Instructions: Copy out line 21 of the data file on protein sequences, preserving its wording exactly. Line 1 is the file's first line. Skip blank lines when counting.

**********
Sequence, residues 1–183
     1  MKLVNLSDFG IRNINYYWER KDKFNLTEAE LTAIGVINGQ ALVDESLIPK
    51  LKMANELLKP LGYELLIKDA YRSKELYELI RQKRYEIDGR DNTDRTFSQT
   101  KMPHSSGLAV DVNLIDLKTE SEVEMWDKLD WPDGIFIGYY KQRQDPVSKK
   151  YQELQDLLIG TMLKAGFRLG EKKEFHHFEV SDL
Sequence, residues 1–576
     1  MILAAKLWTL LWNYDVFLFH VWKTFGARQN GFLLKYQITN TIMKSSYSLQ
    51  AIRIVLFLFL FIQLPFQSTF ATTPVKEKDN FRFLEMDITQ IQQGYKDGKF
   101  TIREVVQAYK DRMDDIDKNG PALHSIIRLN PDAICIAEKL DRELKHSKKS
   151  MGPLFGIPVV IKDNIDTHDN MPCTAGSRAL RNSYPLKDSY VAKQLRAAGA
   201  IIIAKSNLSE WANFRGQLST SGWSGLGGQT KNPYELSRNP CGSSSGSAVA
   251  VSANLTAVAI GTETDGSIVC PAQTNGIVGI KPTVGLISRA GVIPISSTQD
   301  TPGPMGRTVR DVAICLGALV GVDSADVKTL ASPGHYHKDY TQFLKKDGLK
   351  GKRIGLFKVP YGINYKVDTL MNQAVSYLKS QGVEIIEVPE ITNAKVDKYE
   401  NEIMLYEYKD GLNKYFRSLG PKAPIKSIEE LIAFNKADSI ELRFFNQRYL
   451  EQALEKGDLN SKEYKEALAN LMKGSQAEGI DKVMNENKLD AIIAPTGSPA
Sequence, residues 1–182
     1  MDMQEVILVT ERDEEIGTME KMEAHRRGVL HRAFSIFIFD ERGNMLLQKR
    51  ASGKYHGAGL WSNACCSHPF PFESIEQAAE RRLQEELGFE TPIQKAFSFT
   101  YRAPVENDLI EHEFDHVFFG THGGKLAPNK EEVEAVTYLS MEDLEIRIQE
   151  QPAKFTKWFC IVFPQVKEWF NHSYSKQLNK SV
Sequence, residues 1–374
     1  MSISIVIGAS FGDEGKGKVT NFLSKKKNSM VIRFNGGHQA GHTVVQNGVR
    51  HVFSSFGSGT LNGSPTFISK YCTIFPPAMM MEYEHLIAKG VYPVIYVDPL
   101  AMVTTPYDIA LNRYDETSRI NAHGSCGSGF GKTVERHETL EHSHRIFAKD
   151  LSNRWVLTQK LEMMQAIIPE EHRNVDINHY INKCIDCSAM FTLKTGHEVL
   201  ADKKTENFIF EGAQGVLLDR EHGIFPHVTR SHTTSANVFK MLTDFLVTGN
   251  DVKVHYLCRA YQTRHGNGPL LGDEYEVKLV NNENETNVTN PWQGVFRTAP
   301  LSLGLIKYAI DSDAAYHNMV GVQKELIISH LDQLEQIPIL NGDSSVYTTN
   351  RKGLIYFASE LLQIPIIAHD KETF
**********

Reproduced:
   151  QPAKFTKWFC IVFPQVKEWF NHSYSKQLNK SV